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The sentence is:

"Well, I normally do eight hours a day, but at the moment I'm working at least ten hours and some Saturdays."

"Well, I normally do eight hours a day, but at the moment I work at least ten hours and some Saturdays."

What is the best to use?

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  • Where did you find " I am work"?
    – user3169
    Aug 5, 2016 at 23:07
  • Sorry, I have mistaken. I fixed it now. @user3169 Aug 5, 2016 at 23:28

3 Answers 3

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I think the use of the present continuous fits well in your sentence.

The situation in your second clause contrasts with that in the previous clause. Moreover, the second clause implies that you see the present routine or situation as temporary. In such cases, it is more idiomatic to use the present continuous. So you should say:

....., but at the moment I'am working at least 10 hours (a day) and some Saturdays.

You can also use the present simple if you see this change as permanent.

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Well first off, it sounds a little bit weird. It should be:

I'm working at least ten hours a day and some Saturdays."

In the first part of the sentence you're talking about hours and at the end you're talking about days, so you have to add "a day"

Now to your actual question:

"Well, I normally do eight hours a day, but at the moment I'm work at least ten hours a day and some Saturdays."

This is wrong. It sounds awkward, but you would be understood. When you say "I'm" the sentence must end in -ing

"Well, I normally do eight hours a day, but at the moment I'm working at least ten hours a day and some Saturdays."

This sentence works. Alternatively, you could say:

"Well, I normally do eight hours a day, but at the moment I work at least ten hours a day and some Saturdays."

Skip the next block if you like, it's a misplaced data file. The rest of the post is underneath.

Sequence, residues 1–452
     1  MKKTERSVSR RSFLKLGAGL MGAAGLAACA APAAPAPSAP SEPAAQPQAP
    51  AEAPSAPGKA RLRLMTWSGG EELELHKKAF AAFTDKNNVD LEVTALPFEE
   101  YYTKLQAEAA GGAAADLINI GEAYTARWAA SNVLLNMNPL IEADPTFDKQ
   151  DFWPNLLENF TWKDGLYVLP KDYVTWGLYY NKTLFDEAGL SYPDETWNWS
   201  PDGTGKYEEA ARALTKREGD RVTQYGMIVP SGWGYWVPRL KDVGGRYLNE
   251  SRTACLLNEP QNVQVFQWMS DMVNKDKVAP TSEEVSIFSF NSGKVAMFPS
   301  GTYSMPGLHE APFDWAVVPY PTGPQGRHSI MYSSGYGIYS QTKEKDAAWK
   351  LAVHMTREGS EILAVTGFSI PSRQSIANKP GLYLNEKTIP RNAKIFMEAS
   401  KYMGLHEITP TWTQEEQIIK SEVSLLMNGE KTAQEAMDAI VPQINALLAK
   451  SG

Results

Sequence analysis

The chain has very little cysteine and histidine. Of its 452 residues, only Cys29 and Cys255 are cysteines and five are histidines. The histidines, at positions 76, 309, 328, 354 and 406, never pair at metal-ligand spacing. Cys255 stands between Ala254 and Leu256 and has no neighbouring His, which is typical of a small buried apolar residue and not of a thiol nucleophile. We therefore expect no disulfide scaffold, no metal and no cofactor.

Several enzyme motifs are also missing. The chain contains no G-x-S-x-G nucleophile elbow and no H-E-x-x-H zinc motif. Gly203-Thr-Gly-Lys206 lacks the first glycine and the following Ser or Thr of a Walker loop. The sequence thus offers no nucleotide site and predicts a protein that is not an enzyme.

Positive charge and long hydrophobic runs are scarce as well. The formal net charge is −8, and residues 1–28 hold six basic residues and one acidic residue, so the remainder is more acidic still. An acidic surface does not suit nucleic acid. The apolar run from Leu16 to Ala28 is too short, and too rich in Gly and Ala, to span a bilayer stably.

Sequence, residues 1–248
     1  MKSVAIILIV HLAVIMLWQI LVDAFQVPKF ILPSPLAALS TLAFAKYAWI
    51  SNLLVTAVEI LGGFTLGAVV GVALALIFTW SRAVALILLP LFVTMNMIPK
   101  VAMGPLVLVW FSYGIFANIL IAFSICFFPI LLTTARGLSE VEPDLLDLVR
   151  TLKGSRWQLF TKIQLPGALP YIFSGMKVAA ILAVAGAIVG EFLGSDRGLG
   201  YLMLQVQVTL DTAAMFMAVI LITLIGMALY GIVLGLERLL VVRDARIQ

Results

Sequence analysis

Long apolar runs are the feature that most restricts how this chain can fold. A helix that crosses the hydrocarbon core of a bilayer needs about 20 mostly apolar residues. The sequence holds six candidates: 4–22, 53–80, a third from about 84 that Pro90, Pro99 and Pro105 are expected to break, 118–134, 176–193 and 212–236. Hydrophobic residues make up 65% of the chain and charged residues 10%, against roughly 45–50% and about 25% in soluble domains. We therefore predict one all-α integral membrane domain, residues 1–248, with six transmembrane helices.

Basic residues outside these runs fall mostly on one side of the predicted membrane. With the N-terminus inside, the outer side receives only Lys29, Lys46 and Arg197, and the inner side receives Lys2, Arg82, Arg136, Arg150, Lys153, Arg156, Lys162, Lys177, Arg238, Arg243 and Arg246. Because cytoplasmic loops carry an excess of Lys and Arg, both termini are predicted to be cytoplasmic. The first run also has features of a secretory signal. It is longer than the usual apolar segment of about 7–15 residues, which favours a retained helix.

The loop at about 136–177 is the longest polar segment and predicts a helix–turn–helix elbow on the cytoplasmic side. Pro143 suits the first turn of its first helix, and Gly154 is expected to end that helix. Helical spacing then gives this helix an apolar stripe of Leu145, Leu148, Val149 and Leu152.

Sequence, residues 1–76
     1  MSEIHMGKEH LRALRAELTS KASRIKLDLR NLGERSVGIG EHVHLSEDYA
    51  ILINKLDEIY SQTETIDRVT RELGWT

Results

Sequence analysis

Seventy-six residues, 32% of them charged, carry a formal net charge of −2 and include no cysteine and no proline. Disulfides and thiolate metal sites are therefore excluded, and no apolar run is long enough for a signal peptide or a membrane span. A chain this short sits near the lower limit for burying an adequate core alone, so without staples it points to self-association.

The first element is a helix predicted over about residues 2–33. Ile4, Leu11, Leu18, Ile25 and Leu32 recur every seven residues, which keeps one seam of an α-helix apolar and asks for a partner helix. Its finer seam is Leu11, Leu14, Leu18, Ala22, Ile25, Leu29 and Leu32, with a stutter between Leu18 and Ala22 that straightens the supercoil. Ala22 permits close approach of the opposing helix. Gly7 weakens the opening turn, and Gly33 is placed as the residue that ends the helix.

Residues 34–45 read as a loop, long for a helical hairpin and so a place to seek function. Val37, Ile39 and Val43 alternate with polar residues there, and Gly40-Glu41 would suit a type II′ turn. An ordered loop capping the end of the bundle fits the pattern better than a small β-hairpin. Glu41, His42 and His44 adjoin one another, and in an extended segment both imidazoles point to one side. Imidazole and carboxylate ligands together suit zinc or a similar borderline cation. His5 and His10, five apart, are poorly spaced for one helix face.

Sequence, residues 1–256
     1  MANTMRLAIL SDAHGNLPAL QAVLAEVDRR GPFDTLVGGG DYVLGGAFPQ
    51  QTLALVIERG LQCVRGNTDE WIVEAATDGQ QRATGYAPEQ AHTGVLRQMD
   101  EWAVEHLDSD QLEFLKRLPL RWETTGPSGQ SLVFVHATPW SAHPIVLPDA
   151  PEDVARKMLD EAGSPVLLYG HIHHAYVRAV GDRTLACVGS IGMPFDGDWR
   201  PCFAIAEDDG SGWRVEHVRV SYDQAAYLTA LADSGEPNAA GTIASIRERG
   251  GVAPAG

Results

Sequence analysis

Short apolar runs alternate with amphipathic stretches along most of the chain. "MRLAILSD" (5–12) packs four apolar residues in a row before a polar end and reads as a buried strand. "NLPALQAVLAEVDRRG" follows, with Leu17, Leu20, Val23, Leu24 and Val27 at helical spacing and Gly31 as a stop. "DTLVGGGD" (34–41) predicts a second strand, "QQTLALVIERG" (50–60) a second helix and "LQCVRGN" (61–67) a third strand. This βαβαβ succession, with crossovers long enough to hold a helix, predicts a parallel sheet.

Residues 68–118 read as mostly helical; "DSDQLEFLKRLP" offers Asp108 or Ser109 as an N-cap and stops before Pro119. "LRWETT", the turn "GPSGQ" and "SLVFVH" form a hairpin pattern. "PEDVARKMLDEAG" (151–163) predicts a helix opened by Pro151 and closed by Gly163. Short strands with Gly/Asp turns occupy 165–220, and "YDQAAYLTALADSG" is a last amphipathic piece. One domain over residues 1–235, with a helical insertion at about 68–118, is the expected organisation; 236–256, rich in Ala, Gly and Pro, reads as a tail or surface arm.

In this context, there isn't really a difference between I'm working and I work.

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Your first sentence is:

Well, I normally do eight hours a day, but at the moment I'm working at least ten hours and some Saturdays.

Here, you use the present continuous, but the usage is idiomatic. A native English speaker, particularly a NAmE speaker, would interpret it to mean "I spend at least ten hours at work." It is idiomatic in NAmE to say, for instance, "I'm working at McDonald's," when the meaning is actually "My current job is at McDonald's," and not "As I speak, I am engaged in work at McDonald's."

Your second sentence is:

Well, I normally do eight hours a day, but at the moment I work at least ten hours and some Saturdays.

Here you use the simple present, but the usage here is also idiomatic. As with your first sentence, it would interpreted to mean "I spend at least ten hours at work." Neither is really the best; they both convey the same thought and would be understood identically.

The difference in meaning and usage between simple present and present continuous (or present progressive) often puzzles new students of English. Their meanings, in one sense, are the same: at the current time, some activity is taking place. Although it is not the case in this idiomatic usage, in most cases the present continuous adds a sense that the activity will continue or progress, or that it is habitual.

There is an answer to a different question here which may help you to understand when to use the present continuous.

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